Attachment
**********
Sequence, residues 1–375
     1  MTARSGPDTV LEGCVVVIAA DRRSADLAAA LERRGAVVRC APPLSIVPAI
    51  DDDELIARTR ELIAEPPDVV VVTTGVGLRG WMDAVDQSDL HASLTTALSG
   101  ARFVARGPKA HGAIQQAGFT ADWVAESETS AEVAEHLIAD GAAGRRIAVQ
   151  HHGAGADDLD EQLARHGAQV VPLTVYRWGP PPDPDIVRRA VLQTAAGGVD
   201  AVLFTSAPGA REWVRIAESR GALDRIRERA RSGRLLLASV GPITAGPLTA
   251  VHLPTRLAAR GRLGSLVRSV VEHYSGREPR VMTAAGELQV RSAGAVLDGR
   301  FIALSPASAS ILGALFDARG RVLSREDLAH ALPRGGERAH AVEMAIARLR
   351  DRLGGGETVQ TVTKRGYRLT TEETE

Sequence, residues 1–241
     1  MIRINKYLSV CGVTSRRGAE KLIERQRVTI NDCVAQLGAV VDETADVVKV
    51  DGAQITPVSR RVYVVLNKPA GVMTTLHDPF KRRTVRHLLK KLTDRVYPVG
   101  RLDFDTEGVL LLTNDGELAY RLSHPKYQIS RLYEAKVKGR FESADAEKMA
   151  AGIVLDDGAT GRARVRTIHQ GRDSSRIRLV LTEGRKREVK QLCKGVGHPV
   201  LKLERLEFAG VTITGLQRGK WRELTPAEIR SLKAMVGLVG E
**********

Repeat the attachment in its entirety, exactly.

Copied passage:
Sequence, residues 1–375
     1  MTARSGPDTV LEGCVVVIAA DRRSADLAAA LERRGAVVRC APPLSIVPAI
    51  DDDELIARTR ELIAEPPDVV VVTTGVGLRG WMDAVDQSDL HASLTTALSG
   101  ARFVARGPKA HGAIQQAGFT ADWVAESETS AEVAEHLIAD GAAGRRIAVQ
   151  HHGAGADDLD EQLARHGAQV VPLTVYRWGP PPDPDIVRRA VLQTAAGGVD
   201  AVLFTSAPGA REWVRIAESR GALDRIRERA RSGRLLLASV GPITAGPLTA
   251  VHLPTRLAAR GRLGSLVRSV VEHYSGREPR VMTAAGELQV RSAGAVLDGR
   301  FIALSPASAS ILGALFDARG RVLSREDLAH ALPRGGERAH AVEMAIARLR
   351  DRLGGGETVQ TVTKRGYRLT TEETE

Sequence, residues 1–241
     1  MIRINKYLSV CGVTSRRGAE KLIERQRVTI NDCVAQLGAV VDETADVVKV
    51  DGAQITPVSR RVYVVLNKPA GVMTTLHDPF KRRTVRHLLK KLTDRVYPVG
   101  RLDFDTEGVL LLTNDGELAY RLSHPKYQIS RLYEAKVKGR FESADAEKMA
   151  AGIVLDDGAT GRARVRTIHQ GRDSSRIRLV LTEGRKREVK QLCKGVGHPV
   201  LKLERLEFAG VTITGLQRGK WRELTPAEIR SLKAMVGLVG E